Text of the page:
March 24, 2018 was my 15th birthday and I am happy to say that I was able to spend it with my friends fighting for something important. I joined millions of people across the city, nation and world to march in protest of the recent school shootings at the March for Our Lives. Our march in Memphis began at Clayborn Temple and ended at the Civil Rights Museum, where we heard from local teenagers about their own experiences with gun violence and how guns have directly affected them.
As I stood there and listened, I was overwhelmed with sadness for the teenagers. I empathized with their experiences, but I was also overcome with disappointment — in my country, in my government. This disappointment culminated when Stephen Akins spoke of the shooting that killed two teenagers from Kingsbury High School, less than four miles away from St. Mary’s. How could I have been so unaware of a shooting that occurred in my own city? I had heard nothing about it, and it seemed I was not the only one; as he spoke, many surrounding me shared my confusion.
My disappointment and confusion grew into frustration when a group of young, LGBTQ+ girls shared their thoughts and feelings about gun violence in Orlando last year. They explained that a gunman had opened fire at Pulse, a primarily LGBTQ+ nightclub, killing 49 people, making it one of the deadliest mass shootings in U.S. history. These girls shared their frustration about not being able to be themselves without the fear of being persecuted. Although they were frustrated, I admired their strength. These girls expressed that they will never stop staying true to themselves, despite the hatred and violence their community has faced. Although I know I cannot fully fathom the complexity of their situation or fully feel the pain they endure on a daily basis, what I can do is stand by their sides in their fight for equality. No one should ever have to live in fear for being themselves.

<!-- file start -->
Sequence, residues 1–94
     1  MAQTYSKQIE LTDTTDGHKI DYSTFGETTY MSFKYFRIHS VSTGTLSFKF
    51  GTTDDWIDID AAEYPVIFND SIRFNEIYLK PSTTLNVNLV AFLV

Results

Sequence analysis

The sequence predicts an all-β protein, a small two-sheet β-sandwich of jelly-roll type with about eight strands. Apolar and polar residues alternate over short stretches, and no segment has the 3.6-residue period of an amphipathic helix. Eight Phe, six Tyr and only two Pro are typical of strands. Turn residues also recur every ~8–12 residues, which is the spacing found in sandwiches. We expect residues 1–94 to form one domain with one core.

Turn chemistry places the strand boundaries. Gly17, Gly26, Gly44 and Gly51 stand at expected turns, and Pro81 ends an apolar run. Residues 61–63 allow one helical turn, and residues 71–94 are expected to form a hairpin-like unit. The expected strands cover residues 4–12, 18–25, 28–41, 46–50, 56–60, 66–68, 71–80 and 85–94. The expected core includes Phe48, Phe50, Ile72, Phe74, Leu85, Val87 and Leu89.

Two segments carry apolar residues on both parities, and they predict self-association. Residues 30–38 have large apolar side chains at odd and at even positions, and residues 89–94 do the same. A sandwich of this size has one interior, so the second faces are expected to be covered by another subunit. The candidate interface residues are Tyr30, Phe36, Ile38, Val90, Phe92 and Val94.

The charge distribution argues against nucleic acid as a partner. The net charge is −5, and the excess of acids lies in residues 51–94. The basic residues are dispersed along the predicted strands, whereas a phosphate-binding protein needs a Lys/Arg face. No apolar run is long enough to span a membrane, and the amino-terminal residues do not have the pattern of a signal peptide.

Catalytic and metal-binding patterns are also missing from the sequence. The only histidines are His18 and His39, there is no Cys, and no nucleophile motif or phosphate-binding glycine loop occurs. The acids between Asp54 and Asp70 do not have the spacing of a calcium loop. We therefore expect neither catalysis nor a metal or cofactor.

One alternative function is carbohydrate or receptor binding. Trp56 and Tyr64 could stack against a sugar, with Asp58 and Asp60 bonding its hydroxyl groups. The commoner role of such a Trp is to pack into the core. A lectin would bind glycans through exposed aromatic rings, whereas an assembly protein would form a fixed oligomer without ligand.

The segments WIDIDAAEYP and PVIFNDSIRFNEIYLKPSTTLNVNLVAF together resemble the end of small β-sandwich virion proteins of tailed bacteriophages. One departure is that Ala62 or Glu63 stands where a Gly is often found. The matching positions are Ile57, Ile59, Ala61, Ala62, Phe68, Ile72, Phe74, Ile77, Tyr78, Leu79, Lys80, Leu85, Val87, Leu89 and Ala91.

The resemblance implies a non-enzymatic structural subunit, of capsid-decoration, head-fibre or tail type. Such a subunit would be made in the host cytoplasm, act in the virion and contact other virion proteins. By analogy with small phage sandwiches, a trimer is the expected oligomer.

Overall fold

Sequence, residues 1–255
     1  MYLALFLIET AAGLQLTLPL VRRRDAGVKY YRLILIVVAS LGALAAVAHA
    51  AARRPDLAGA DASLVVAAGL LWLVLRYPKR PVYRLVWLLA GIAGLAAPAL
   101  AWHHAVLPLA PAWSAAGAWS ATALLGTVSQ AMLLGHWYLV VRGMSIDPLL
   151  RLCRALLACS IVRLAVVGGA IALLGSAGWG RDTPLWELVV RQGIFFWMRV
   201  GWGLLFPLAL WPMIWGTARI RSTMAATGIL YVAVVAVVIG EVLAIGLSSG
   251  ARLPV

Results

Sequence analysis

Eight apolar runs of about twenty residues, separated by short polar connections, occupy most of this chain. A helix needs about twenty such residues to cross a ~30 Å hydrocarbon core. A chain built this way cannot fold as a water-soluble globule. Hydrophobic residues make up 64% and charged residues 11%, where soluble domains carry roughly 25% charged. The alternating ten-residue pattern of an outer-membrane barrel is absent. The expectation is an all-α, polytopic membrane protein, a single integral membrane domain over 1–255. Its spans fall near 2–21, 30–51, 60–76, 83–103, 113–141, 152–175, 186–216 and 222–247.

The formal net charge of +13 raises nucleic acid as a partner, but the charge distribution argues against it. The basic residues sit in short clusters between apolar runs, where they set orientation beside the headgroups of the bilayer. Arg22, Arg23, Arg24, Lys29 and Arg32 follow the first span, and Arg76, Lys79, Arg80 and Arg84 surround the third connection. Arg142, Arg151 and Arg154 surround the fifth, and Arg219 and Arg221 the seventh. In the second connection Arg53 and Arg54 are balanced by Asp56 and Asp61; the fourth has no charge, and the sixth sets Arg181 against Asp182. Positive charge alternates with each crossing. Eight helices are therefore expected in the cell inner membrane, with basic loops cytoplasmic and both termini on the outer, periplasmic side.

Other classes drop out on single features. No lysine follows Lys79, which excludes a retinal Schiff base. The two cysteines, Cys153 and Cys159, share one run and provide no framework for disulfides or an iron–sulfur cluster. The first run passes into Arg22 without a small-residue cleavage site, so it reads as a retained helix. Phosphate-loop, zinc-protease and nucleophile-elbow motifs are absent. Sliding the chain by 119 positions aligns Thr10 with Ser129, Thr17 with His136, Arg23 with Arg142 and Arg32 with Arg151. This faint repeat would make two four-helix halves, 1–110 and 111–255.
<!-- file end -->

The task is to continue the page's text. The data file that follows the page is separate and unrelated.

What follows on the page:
Although I support and love the March For Our Lives, it’s crucial to acknowledge that we must not forget the lives of black men and women violently and prematurely brought to an end because of gun violence. When black men and women, young and old, were protesting against the injustice in our community, we were thrown in jail or labeled as “disruptors of the peace.” Even though we were and still are ultimately fighting for the same thing as March for Our Lives, Black Lives Matter has not garnered the same support from celebrities, media coverage, or general popular sentiment throughout the nation as March For Our Lives has. We cannot forget that black people have been fighting for justice and freedom from violence since the birth of our nation, yet it feels as though we are still three-fifths of a person. Give us the same support that we are giving March For Our Lives, because every single life matters.